Sai Gole | 26Siddharth Dialani | 26Co-founders, BharatAgri BharatAgri Co-founders Sai Gole(right) and Siddharth Dialani
Image: Mexy Xavier
Sai Gole and Siddharth Dialani were part of IIT-Madras’s Centre for Innovation—a lab where students created products in their free time—but they didn’t want to build something “sophisticated that was meant for competition or labs”. Gole says, “It had to be something which can work for people or [solve] some real life problem.” Her family had been into agriculture for 30 years and she was aware of the specific problems related to the field. The duo decided to solve those through their technological knowhow.
After working for almost a year post graduation, the two stayed on a five-acre farm in Pune to get a feel of the impediments faced by farmers. Says Dialani of their experience, “We realised Indian farmers earn really less because of the unavailability of scientific knowledge. They needed a personalised solution.”
Gole and Dialani launched LeanAgri (later renamed BharatAgri) in Pune in 2017 to provide a “systematic solution and consultancy calendar” to the farmers. Based on the data collected from them, BharatAgri’s algorithm offers critical inputs like what the farmers should grow, how they should grow it, when to water, when to provide fertiliser, thereby helping them increase production.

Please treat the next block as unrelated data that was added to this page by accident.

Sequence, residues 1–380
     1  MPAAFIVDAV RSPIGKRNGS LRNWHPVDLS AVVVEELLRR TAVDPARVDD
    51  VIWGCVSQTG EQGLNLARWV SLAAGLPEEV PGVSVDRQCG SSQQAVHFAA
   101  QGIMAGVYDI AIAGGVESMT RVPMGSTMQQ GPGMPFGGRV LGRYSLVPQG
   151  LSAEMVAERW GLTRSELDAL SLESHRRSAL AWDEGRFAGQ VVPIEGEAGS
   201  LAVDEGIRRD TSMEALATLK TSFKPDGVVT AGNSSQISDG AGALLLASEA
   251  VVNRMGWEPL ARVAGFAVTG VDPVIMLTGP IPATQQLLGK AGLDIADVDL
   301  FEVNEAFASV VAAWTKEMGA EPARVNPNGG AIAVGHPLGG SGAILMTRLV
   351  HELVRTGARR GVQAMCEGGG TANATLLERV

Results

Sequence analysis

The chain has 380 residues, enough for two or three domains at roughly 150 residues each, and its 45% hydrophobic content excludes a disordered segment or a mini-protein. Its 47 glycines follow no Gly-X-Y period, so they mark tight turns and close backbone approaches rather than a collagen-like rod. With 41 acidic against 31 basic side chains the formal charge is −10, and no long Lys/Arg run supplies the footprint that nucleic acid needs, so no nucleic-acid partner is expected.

BharatAgri won the UberPITCH competition in March 2017 after which Uber invested $50,000 (₹35 lakh) in the startup. It has now raised ₹4.5 crore from investors.
In July, BharatAgri launched its mobile application in five languages; it has over 1 lakh users apart from 25,000 paid farmers and claims to be the only company in India that has been able to monetise an information-based service in agriculture. See the full Forbes India 30 Under 30 list for 2020 here
Anand Lunia, founding partner at India Quotient that has invested in BharatAgri, says, “BharatAgri is addressing an acute pain point in one of the largest and most ignored markets of India. With mobile internet penetration, agri and allied markets are ripe for disruption and agri advisory can be used to quickly capture the trust of the farmers.”
(This story appears in the 14 February, 2020 issue of Forbes India. To visit our Archives, click here.)